As reported on the Chron, on Monday the Federal judicial panel at the District Court heard closing arguments regarding prison overcrowding. A few snippets:
Inmates' attorneys argued Tuesday that releasing tens of thousands of prisoners is the answer.
"The entire system is collapsing because of the overcrowding," Don Specter, director of the nonprofit Prison Law Office, told the three-judge panel in U.S. District Court.
If the panel agrees, it could order the population cut by one-third in California's 33 adult prisons. That would lead to the early release of some 52,000 inmates.
Attorneys representing Gov. Arnold Schwarzenegger, about 80 local law enforcement officials and 44 Republican lawmakers agreed that California's prisons are dangerously overcrowded, despite steps taken in recent years to relieve the problem.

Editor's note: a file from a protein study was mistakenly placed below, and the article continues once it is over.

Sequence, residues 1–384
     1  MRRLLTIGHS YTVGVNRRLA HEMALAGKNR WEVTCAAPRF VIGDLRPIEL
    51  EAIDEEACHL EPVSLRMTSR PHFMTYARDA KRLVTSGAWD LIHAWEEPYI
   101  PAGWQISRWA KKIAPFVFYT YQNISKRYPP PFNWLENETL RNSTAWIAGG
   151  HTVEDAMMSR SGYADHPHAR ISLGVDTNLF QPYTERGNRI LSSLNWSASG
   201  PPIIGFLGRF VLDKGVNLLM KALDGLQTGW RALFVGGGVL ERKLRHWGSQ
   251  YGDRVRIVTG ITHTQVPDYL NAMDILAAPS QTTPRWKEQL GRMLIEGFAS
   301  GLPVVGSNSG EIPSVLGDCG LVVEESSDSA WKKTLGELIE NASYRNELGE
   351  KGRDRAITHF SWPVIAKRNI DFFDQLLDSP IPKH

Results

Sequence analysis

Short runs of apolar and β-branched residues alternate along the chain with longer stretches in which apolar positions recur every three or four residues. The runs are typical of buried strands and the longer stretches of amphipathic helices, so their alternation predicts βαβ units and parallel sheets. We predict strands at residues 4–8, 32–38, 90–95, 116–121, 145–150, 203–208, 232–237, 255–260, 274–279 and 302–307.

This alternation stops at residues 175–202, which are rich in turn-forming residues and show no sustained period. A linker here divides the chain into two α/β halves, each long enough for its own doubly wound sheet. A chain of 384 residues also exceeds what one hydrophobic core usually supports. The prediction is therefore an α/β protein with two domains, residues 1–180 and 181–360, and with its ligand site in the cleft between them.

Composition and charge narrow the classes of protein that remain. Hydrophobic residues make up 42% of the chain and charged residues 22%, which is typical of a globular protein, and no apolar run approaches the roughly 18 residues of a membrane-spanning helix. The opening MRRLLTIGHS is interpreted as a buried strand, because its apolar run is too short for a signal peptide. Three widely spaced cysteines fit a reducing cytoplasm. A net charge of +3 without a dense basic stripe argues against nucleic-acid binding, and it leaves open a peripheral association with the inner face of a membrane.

But they also argued that freeing tens of thousands of inmates or diverting them to county programs would overwhelm local police, jails and rehabilitation programs. Crime would go up, and many parolees would go without supervision, they said.
The judges have indicated they support the premise that the prisons' problems stem from overcrowding. U.S. District Judge Lawrence Karlton acknowledged the "very profound effect" on counties if an early release was ordered, but also said 52,000 inmates might not be enough. He suggested that nearly half of the current 158,000 inmates may need to be freed.
"The state of the evidence is you can't solve the problem without solving the overcrowding," Karlton said Tuesday.
The governor's position is rather interesting. As we know, the most recent version of the budget included releases of non-violent prisoners, as well as cutting parole for the same population. The governor actually supported the release of 15,000 prisoners. It would therefore appear to be the case that the argument is no longer about whether to release prisoners, but how many, and how the choice is to be made.
Don Specter, and Judge Karlton, will be among our speakers at the upcoming California Correctional Crisis Conference.